Read more

Volvo launches Recharge electrified brand, sets bold carbon emission targets

New Polestar 2 to cost from £49,900

Volvo reveals plug-in hybrid version of XC40

Join the debate


16 October 2019

A car that I find very very tempting....

16 October 2019

so it'll be interesting to hear how it drives.

16 October 2019

I apologise for what some of you may think a stupid comment, but does a medium family crossover need to have over 400bhp; nearly every new EV seems to be excessively powerful - does every car really need to do 0-60 in less than 7 seconds?

16 October 2019
It has a frunk yessss

16 October 2019

The apparently excess performance of many EV's is a consequence of the battery size. You need a battery of a certain capacity to give you range, and with that comes the instantaneous current delivery and hence performance, the actual motors are not the issue. It's a bit like if a petrol car's performance was dictated by the size of its fuel tank rather than its engine!

The flip side of that is that massively fast EV's automatically have better rangem hence why the new tesla Roadster is claimed to have a massive range, it was not a primary goal but rather a consequence of the battery needed to deliver the desired acceleration.

The other thing about EV's is that there really is no way to engineer a light pure EV with present battery technology and so they are all heavy and the tendancy is to counter this weight with increased power by adding yet more batteries, a sort of never ending spiral power arms race. Hence all of the supercar EV's are heavy and massivley powerful (compare this with the previous ICE supercars that were primarily light; think F40 etc.)


Maybe performance cars will segment into massive, heavy hypercars (Rimac, Lotus etc), wildly fast performance saloons and coupes (Taycan, Tesla Model 3) and lightweight petrol drivers cars (Caterham, Lotus Exige, Alpine etc)

It's hard to see where traditional supercars (488/ 911 etc) fit into this scheme as modern supercars are neither light enough to outdrive an Exige, nor powerful enough to beat the new era of performance saloons/ coupes (Taycan).


16 October 2019

I hope you’re already a jurno - because if not Autocar need to hire you. A much more insightful few paras than the article itself.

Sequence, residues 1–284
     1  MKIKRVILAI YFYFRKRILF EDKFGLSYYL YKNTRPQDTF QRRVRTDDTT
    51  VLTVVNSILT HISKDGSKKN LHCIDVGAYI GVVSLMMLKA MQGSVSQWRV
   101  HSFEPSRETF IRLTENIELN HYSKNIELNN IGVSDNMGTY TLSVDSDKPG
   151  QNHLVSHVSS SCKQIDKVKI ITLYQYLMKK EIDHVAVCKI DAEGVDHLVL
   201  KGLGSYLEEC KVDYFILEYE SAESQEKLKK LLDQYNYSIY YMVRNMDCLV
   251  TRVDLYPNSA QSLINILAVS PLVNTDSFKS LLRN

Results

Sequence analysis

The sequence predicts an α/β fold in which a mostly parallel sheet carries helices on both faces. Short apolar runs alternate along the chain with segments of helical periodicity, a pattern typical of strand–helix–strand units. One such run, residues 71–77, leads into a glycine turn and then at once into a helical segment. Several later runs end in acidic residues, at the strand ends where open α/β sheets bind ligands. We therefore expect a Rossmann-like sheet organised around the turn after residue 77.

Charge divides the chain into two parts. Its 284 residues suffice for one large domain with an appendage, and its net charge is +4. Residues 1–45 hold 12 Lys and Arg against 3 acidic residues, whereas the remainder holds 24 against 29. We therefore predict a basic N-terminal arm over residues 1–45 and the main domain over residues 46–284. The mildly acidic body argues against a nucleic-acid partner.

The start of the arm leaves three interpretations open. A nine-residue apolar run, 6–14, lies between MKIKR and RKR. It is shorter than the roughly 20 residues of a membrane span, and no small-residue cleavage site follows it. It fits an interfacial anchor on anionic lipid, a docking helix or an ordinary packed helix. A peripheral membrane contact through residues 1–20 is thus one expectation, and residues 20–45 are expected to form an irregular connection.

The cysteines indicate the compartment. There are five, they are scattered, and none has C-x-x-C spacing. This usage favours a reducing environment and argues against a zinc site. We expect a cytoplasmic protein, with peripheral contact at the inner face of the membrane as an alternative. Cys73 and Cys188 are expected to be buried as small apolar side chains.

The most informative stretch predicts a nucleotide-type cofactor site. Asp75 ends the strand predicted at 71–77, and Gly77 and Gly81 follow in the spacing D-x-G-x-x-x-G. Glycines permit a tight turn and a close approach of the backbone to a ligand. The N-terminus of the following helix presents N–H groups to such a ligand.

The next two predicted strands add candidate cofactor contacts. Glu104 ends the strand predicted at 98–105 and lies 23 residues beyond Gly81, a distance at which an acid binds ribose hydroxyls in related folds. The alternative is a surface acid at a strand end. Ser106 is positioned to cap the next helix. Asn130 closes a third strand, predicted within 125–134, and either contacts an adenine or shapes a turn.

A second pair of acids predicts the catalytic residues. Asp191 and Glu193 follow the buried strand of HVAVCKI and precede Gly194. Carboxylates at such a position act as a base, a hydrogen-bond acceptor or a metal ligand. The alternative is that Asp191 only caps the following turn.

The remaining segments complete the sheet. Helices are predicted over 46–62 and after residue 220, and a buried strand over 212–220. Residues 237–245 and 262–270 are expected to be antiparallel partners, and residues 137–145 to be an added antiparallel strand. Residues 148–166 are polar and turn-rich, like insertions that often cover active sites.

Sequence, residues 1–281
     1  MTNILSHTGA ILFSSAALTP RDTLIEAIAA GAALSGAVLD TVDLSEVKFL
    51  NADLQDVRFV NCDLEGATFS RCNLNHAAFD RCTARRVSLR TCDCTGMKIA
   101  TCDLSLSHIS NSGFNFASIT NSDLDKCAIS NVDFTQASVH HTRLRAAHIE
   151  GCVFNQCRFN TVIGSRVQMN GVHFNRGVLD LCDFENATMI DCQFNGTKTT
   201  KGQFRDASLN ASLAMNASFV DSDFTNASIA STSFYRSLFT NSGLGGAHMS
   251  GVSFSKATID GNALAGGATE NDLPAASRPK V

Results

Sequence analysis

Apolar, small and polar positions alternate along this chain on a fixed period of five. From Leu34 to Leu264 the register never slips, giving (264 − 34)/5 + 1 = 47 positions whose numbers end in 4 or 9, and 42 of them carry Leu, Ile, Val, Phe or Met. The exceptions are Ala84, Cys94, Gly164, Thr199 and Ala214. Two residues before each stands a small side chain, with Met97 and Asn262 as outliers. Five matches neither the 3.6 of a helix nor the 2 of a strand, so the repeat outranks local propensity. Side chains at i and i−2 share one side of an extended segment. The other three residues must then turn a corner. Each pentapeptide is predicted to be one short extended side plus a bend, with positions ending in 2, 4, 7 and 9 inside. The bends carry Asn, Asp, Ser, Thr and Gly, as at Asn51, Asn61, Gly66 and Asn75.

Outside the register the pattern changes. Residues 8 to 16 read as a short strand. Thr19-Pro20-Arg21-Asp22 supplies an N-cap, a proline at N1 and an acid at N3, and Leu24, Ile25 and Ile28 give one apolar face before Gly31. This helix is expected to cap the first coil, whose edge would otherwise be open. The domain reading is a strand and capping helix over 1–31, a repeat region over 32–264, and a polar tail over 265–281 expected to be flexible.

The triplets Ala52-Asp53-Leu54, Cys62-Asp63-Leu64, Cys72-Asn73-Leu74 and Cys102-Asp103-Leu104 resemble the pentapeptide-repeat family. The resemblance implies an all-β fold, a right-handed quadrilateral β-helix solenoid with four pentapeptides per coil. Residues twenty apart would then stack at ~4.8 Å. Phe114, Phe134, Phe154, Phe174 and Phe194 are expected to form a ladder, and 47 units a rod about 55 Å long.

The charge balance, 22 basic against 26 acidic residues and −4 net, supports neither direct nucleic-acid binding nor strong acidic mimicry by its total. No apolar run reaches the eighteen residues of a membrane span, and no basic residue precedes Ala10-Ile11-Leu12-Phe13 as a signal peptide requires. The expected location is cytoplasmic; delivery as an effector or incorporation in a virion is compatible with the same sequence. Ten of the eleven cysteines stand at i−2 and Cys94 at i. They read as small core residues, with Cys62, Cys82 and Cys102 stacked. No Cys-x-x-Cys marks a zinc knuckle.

16 October 2019

And thank you for your analysis which is largely correct.

I would, however, point out that at less than 1300kg the BMW i3 proves that with a dedicated platform, rather than an electric version of a combustion car, it is possible to get reasonable range without gargantuan proportions.


16 October 2019

Great comments Robbo and rkanaga.

For me the most disappointing thing about the current generation of EVs is the weight. I suspect in a few short years they will look like dinosaurs (just a different species to the older, ICE-powered types).

There was a recent article about the JLR SVO team making the I-Pace faster - I'd rather they came up with clever ways to make it much lighter and designed higher density batteries so it had better range. By virtue of which, it would be faster too. Colin Chapman would like that too.


16 October 2019

.....that rkanaga, because like Windy 57,  I have been pondering the need for overpowered electric cars for a while.

To my non scientific mind 200bhp would be more than enough....thereby doubling range!

Crazy acceleration times arent smart or needed, and if we are supposed to be green in our day to day lives high power EV's will increase tyre and brake degradation...(both polluters) and increase road surface wear rates into the deal. The weight of this thing is ridiculous compared to the ICE version, clearly a law of diminishing returns, and of course again increasing Tyre and brake wear, plus need to recharge.



Clearly wrong!


16 October 2019

Recharge? That's a terrible name to give to an electric car. All it will do is remind people that it needs recharging. Range anxiety built right in.  

I don't understand this compulsion by some car manufacturers to apply a vaguely, or not so vaguely, "electrical" or physics based name - or sub-name - to their electrified cars, or even something to bolster "green" credentials. Just stupid.